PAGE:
"Appeal to a broader constituency, other than your core vote". Photo: Flickr/NHS Confederation
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Alan Milburn calls on Labour to drop the "comfort blanket" of "clan politics"

The Social Mobility Commission chair and former Health Secretary on why parties should be more aspirational, how slow politics moves on broadening access, and our "impossible" child poverty target.

“I can only conclude that they do love you when you’re dead.”

Alan Milburn is mordantly questioning why so many ask him whether he would consider returning to the House of Commons. “I do find it interesting the number of people who ask me that now, which is probably less a comment about me and more a comment about the state of politics.”

And the former Labour MP – who represented Darlington from 1992 until the last election, and served as Tony Blair’s Health Secretary among other frontbench roles – certainly has a great deal to say about the state of today’s politics.

Ever since taking up his role as chair of the Social Mobility and Child Poverty Commission in 2012, the high-profile Blairite’s opinions on the work of our current politicians, and the Labour party in particular, often make headline news.

A recent controversial intervention from Milburn was his comment that Miliband is fighting a “pale imitation” of Labour’s 1992 campaign, which Labour lost, and his warning against avoiding “difficult changes and difficult choices” on NHS reform. He followed these comments up with a piece in the FT calling on Miliband to defend Labour’s economic record – ie. to champion the New Labour years.

All this has led to a painful past week for Labour, as it has been forced to face the previous government’s role in letting private money into the health service – at a time when it is making protecting the ‘N’ in NHS central to its election campaign.

It is fitting that I meet the former modernising minister – known for introducing the controversial NHS foundation trusts, and being behind negotiating PFI deals on hospitals – in the turbo-gloss and corporate finery of the PwC building in London Bridge. Milburn took up the position of chairman on the giant accountancy firm’s Health Industry Oversight Board in 2013.

He cuts a compact, rather modish, figure skipping through the monolithic office building, in his thick-rimmed black glasses, black-and-white Mod target cufflinks and sleek purple tie. We chat in a plush meeting room, where he has a hasty lunch of redbush tea and complimentary apple. His manner throughout is focused but easy. So New Labour.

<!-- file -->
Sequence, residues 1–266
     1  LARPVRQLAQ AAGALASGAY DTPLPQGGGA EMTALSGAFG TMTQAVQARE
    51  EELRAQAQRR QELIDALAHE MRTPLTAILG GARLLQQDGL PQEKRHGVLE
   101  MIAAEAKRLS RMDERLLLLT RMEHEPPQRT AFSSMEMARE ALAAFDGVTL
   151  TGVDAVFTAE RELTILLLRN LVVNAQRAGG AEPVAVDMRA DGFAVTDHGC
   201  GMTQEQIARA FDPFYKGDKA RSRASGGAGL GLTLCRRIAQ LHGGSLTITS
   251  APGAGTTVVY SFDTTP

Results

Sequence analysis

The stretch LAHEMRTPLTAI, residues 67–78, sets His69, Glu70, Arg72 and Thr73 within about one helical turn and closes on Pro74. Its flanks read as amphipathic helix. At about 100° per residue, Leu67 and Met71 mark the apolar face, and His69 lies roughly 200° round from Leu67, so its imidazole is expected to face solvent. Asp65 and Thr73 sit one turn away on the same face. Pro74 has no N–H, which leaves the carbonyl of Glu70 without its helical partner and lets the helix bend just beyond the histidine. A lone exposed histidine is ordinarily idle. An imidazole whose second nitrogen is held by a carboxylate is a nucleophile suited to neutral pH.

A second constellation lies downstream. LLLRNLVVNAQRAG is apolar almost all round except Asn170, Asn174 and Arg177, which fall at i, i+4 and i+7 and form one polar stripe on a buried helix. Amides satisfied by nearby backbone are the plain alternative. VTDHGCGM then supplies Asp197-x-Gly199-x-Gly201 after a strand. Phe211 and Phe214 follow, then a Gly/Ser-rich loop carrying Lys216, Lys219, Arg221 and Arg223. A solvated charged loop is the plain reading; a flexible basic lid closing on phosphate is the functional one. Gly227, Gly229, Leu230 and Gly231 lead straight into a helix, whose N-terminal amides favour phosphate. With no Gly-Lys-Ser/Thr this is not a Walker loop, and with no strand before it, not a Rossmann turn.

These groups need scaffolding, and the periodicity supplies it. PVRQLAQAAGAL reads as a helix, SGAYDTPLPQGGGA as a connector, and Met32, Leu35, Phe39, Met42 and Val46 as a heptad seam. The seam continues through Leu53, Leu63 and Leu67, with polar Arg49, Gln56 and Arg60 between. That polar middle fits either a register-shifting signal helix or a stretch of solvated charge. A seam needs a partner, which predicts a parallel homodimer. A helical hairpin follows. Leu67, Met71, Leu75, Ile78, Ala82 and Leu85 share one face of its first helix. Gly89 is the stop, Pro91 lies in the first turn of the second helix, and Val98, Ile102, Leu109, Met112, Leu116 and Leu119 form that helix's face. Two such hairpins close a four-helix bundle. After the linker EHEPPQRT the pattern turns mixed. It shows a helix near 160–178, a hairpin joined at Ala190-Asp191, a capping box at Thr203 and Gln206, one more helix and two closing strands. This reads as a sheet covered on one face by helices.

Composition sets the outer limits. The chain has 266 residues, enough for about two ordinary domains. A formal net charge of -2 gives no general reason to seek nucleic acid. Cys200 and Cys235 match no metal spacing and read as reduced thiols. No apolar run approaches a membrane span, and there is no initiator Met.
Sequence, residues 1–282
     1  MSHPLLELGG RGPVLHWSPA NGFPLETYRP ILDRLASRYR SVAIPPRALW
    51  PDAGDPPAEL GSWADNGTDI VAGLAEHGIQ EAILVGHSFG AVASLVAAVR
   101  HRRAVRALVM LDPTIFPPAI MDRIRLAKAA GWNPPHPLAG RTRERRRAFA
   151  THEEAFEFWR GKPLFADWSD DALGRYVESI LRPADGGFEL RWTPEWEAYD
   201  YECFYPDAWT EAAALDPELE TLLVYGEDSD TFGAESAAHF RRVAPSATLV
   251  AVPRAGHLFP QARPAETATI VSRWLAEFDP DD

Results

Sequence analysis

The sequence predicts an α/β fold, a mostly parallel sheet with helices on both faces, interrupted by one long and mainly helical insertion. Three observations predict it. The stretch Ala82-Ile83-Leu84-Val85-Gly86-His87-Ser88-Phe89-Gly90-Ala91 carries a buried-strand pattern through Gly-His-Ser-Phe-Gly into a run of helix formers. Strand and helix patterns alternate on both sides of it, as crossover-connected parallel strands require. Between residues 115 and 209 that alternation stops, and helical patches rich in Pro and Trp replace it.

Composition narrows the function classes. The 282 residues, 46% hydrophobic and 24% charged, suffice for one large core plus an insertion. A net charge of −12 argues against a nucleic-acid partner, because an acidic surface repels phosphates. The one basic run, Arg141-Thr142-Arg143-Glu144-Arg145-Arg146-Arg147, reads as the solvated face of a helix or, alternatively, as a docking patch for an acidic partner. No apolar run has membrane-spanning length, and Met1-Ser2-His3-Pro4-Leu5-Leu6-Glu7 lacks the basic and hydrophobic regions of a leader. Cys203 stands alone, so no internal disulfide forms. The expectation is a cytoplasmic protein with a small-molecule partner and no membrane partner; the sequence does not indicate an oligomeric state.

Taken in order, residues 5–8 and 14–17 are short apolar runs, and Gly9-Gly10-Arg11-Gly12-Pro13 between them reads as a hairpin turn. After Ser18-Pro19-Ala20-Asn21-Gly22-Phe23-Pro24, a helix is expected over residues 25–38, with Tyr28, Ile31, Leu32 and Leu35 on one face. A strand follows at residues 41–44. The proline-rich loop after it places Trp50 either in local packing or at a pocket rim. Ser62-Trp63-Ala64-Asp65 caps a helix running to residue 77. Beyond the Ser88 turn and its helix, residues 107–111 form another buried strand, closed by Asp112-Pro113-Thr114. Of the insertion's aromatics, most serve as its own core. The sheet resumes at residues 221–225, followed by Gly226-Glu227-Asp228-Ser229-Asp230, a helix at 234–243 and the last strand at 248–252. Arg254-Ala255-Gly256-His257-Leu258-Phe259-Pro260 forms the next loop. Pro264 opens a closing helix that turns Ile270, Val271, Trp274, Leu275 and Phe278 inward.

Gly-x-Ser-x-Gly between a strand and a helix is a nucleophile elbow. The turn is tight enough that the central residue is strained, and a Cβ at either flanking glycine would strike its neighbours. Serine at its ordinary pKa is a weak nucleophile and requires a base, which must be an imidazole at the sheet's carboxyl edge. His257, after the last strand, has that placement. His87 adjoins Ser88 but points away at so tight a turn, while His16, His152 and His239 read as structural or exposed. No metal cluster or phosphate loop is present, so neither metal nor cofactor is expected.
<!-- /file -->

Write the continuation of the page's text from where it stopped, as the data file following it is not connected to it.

Although I meet him before he makes his comments about Labour’s NHS policy, I find that “comfort zone” politics has clearly long been a bugbear of his, particularly regarding representation in politics.

“I don’t think a model that says ‘5 per cent of British GDP is in the agrarian economy, therefore we've got to have 5 per cent of Labour party politicians who are former agricultural workers’ is really going to work. The important thing is speaking for the country as a whole,” he says.

“This is a point about every party. Parties win when they build coalitions of support . . . You appeal to a broader constituency, other than your core vote. It’s very easy in politics, comfort blankets work in politics, because – guess what? It does what it says on the tin! – it’s dead comfortable. But it doesn't give you victory.

“And even if it gives you victory, it doesn't give you permission. So I don't think it's a good idea for any political party to be aiming for 32.8 per cent of the vote.”

Is this a reference to Ed Miliband’s notoriously unambitious “35 per cent strategy”?

Milburn nods. “And one could say on the reverse side, it might also be the Conservatives' strategy. So in one sense, they are mirror images of one another.

“Political parties that aspire to government have got to be aspirational parties . . . It's not a question of, ‘Should we choose the working-class vote or the middle-class vote?’ You should choose the vote. You should choose both. That's how you win.

He continues: “How did Margaret Thatcher construct enormous majorities? By making a deep incursion into Labour territory. How did Blair construct enormous majorities? By making deep incursions into Tory territory. Some people, in both parties, would say ‘that's a terrible thing to do, an absolute betrayal of who we are’. But it gets you the most important thing that counts in politics, which is the opportunity to change things because you're in power . . .

“You need to win the south as well as the north. You need to win in Scotland as well as in England and Wales. You need to win among middle-class voters and working-class voters. The days have gone when politics was about representing clans. You were working-class, you lived on a council estate, you voted Labour. You weren't, you owned your own home, you voted Tory. It doesn't work like that anymore. Thank the Lord for that!”

Milburn’s message to our political leaders reflects his work on social mobility. He sees improving social mobility as giving people choices in their lives, and enabling the universal ambition of giving our children “something more than we had for ourselves”. He wryly remarks it would be a “jolly good idea” if politics made it possible for people to aspire for their children to progress.

But he has another rather big ask for our politicians: honesty. He animatedly discusses how “impossible” it is for whichever party is in power to hit the 2020 target of ending child poverty.

“It seems to us impossible that the 2020 poverty target's going to be hit – and I use that word advisedly, impossible – in the context of the broad fiscal positions that each of the political parties have taken . . .